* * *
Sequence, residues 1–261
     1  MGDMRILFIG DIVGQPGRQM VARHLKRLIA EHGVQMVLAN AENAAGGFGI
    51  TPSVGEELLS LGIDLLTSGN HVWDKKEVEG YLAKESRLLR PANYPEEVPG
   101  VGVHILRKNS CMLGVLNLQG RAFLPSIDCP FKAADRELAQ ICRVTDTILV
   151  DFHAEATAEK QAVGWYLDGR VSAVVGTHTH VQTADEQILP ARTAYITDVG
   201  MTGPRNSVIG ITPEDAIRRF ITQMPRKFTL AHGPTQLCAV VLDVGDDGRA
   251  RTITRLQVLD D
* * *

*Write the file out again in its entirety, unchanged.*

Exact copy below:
Sequence, residues 1–261
     1  MGDMRILFIG DIVGQPGRQM VARHLKRLIA EHGVQMVLAN AENAAGGFGI
    51  TPSVGEELLS LGIDLLTSGN HVWDKKEVEG YLAKESRLLR PANYPEEVPG
   101  VGVHILRKNS CMLGVLNLQG RAFLPSIDCP FKAADRELAQ ICRVTDTILV
   151  DFHAEATAEK QAVGWYLDGR VSAVVGTHTH VQTADEQILP ARTAYITDVG
   201  MTGPRNSVIG ITPEDAIRRF ITQMPRKFTL AHGPTQLCAV VLDVGDDGRA
   251  RTITRLQVLD D